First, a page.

Source: ALPN's corporate presentation
ALPN feels that there are far-ranging applications for ALPN-101, if it works out as intended. However, their first targets will include psoriatic arthritis (target population 250,000 to 300,000 patients per year) and acute graft-versus-host disease (target population 4,000 patients per year).
One of those things is not like the other, you say? Targeting a huge disease like psoriatic arthritis makes perfect sense, given the potential money to be earned. What is the point in targeting an indication that has such a small number of patients per year?
In my mind, there are quite a few potential gains to be made here. First, measuring an effect against acute graft-versus-host disease is quick, because, by definition, you're talking about a disorder that, left unchecked, will kill over half of the afflicted patients within 12 months. This underscores the critical unmet need of the disease, as well as the relative rapidity until trial results can be gathered.
In addition, the preclinical evidence for ALPN-101 is striking. Here are the findings reported by ALPN on a humanized GvHD model:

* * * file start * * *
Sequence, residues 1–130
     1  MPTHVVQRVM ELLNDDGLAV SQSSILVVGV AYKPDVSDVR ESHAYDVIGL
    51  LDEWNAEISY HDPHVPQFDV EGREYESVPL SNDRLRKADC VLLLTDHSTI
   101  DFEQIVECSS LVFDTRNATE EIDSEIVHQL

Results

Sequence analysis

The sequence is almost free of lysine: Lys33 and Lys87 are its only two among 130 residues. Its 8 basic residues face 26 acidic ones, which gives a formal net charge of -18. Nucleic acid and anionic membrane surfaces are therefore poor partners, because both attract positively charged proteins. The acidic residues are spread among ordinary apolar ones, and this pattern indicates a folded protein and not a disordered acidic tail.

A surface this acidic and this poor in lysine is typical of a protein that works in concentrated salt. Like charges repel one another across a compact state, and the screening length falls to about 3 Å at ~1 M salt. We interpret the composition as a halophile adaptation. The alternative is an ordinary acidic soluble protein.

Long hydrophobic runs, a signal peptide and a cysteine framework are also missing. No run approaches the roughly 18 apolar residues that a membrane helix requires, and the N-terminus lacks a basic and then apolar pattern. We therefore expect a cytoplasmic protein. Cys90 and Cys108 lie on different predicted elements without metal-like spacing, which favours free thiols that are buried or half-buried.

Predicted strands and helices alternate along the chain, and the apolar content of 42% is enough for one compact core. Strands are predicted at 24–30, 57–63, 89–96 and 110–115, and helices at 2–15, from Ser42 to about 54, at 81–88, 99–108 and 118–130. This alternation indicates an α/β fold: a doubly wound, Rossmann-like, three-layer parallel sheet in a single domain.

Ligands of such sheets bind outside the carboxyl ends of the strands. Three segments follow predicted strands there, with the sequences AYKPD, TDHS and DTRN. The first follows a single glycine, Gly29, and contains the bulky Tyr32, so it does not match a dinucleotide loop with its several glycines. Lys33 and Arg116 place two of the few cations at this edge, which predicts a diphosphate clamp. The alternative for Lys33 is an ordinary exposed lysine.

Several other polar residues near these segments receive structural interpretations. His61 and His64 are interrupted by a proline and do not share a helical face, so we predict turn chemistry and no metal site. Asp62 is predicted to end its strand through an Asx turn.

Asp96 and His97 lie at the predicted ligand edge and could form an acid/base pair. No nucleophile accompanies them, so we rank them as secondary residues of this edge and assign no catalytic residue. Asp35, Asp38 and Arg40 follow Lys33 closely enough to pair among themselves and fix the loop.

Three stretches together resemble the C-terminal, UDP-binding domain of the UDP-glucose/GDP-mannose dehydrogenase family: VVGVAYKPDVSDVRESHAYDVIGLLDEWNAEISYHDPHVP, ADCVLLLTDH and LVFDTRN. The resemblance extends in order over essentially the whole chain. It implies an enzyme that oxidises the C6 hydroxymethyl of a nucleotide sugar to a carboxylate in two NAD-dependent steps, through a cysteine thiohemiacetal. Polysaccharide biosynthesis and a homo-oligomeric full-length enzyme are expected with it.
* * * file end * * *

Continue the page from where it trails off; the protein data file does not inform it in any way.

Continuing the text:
Source: ALPN's corporate presentation
Mice treated with no drug were all dead at day 18 after induction of GvHD, whereas ALPN-101 at three different dosing levels led to 100% survival of mice out to around at least day 45.
The other main drug highlighted by ALPN is ALPN-202, is a fusion protein combining an IgG1 Fc domain and a set of "variant" forms of CD80, a molecule that is important in binding molecules like CD28, PD-L1, and CTLA-4. Obviously, you'll recognize those latter two as immune checkpoint molecules, so the thinking goes that ALPN-202 has the potential to combine the costimulatory action of binding CD28 along with the "release of the brakes" provided by immune checkpoint inhibitors, leading to an enhanced immune response.